The new Material Design announced at Google I/O is supposedly an ambitious cross-platform design language that spans not only Android devices, but also the web.
Anything that is this ambitious should be treated with a healthy grain of salt. Let’s verify what Google means by cross-platform.
Android version compatibility
Given the severe OS version fragmentation of the Android platform, it is important to understand the entirety of version compatibility for Material Design.
Unfortunately, I could not find resources on the web that gave me a good comprehensive idea. I think Material Design will only be supported on Android L. There appear to be some support libraries that will make it easier to support older versions and a Material Design version with the same code, but it looks like that will be it.
Google does provide details of browser compatibility for Material Design on the web (the Polymer project). Unfortunately, it doesn’t look too good. According to this discussion on the web, Google is not taking browser compatibility very seriously.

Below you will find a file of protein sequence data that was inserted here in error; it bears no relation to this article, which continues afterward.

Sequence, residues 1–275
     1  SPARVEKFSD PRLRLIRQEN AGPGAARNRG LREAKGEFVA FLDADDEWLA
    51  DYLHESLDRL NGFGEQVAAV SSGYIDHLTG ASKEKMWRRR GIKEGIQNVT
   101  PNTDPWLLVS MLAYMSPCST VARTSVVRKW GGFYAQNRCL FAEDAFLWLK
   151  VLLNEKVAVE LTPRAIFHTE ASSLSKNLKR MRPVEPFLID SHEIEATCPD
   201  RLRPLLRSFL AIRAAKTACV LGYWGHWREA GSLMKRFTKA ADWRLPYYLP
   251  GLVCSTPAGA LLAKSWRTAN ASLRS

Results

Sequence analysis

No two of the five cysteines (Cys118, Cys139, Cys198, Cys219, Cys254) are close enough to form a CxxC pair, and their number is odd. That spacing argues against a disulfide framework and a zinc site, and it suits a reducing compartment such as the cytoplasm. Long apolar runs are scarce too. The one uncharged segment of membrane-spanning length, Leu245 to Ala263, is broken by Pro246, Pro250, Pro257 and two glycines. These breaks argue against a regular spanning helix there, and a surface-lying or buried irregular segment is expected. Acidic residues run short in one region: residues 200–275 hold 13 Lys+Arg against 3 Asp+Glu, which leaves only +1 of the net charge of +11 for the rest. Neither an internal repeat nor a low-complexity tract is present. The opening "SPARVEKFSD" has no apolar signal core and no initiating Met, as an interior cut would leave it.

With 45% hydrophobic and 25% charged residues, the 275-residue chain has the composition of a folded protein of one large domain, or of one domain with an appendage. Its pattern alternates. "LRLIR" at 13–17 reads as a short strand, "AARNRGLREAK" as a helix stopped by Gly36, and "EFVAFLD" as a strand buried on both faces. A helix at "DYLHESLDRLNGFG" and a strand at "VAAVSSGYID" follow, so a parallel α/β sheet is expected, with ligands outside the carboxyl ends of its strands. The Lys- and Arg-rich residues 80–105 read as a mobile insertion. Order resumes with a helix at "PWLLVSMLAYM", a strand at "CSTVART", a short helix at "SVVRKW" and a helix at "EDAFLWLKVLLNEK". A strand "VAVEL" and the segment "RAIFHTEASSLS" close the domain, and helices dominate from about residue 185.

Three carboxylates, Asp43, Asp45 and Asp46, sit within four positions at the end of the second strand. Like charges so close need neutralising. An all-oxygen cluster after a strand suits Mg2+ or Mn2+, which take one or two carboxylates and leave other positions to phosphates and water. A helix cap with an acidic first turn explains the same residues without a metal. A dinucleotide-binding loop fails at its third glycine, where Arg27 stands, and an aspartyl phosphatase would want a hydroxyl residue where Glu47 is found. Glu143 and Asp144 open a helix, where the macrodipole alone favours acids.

In terms of compatibility, it is simply not up to the standards that most web developers would regard as sufficient.
The lack of Android version compatibility is understandable and will not present an issue. It will be adopted over time.
The issue is with Browser compatibility. Although impressive, there are many similar projects to bring a nice UI to web apps, and none are as restrictive in compatibility as Material Design. Web developers can simply chose one of these. There is little reason to believe that web developers will slowly adopt Material Design.
It’s still very much a research project.